Why choose a Celebrant? Celebrant led funerals are becoming part of a new way of marking deaths and celebrating lives. A Celebrant may be chosen if the deceased or their family aren’t affiliated with any religious beliefs or traditions. Celebrants are modern, progressive and creative professionals. They bring a unique element to the ceremony and they are a compassionate support for families at a difficult time.
Can funeral ceremonies include prayers or hymns? Absolutely yes. If that is your wish, a prayer or hymn can be included.
What is the cost? The fee for a Funeral Celebrant is €350.
Where does the funeral ceremony take place? The ceremony takes place at the funeral home or at the chapel in the Crematorium. Ceremonies can take place outside or at any suitable quiet space at the behest of the family.
What are some Modern Funeral Practices
Creative Funeral Planning:
As Celebrants, we meet with families who share the funeral service wishes of their much loved one. We do our best to advise families through their choices, much like we would in the preparation of our other rituals and ceremonies. We’ll enjoy a coffee together and we’ll prepare a little folder of wishes for the family.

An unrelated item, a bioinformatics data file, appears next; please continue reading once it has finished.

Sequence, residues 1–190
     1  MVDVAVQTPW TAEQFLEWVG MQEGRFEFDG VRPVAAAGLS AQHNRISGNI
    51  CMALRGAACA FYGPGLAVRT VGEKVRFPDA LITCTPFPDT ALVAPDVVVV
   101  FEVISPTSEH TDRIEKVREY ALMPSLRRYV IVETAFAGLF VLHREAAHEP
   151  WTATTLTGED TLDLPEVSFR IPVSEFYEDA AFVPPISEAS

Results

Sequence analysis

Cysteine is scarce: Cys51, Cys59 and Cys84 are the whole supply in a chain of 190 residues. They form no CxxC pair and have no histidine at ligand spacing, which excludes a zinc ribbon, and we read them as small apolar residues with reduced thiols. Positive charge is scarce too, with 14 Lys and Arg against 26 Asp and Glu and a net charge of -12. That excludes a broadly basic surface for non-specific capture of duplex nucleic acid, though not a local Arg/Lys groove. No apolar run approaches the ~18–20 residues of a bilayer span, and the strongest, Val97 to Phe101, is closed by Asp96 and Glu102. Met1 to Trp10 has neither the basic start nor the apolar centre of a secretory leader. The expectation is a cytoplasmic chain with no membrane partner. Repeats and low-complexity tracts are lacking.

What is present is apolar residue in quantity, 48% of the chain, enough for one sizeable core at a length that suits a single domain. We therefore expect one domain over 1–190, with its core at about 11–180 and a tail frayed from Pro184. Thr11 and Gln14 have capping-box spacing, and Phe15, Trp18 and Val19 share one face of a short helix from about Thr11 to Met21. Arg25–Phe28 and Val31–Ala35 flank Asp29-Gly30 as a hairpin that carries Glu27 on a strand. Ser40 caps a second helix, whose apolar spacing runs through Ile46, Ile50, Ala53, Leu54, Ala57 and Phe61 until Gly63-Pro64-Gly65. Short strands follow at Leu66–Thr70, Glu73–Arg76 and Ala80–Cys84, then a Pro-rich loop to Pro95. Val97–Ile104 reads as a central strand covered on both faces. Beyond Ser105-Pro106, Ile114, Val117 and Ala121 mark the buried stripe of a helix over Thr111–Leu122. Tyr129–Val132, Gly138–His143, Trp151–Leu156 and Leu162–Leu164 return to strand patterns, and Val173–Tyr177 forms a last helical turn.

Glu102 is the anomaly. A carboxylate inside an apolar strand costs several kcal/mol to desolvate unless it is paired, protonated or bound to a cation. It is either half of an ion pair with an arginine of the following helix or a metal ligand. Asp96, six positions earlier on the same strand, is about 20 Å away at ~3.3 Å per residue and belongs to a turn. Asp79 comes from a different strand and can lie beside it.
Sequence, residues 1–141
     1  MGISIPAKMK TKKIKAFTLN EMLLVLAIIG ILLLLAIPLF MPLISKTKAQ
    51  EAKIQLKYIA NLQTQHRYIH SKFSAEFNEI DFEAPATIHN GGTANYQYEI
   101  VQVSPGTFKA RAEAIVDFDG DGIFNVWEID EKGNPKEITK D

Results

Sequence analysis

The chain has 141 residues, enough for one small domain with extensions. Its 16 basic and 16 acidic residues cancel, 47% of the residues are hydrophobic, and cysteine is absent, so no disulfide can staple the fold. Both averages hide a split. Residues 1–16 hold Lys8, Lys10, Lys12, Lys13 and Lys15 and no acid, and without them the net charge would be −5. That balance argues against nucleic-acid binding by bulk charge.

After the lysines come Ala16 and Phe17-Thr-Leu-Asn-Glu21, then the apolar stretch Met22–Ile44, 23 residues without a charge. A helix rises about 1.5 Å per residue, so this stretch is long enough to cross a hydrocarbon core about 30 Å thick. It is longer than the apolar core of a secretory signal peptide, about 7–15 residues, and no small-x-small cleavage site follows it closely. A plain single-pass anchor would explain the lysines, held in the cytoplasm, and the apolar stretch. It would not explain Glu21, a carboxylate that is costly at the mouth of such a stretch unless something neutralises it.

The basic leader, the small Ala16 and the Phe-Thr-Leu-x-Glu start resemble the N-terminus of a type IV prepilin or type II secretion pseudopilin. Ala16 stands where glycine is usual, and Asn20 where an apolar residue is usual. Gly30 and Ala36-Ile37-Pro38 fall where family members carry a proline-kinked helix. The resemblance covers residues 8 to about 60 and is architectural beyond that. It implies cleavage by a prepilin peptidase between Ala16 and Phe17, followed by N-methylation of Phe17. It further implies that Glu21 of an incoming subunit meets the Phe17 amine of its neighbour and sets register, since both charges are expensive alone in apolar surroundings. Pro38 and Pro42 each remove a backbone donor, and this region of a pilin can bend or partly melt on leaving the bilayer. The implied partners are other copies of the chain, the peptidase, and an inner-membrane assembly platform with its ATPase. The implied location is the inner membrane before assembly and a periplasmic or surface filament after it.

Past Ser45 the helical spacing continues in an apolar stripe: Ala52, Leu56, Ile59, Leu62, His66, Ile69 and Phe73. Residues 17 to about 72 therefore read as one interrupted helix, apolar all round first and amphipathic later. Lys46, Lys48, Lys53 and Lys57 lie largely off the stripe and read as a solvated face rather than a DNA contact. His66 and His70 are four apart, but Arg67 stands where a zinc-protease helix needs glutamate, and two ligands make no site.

End of Life Rituals:
Much like meeting families for funeral planning, we bring our experience of creating ceremonies, to suggest end of life rituals that align with the person’s belief system. For example, the burning of sage has long been associated with cleansing and can therefore help families feel like they have aided their loved one in their passing. The belief is that the burning of sage assists in cleansing away negative emotions.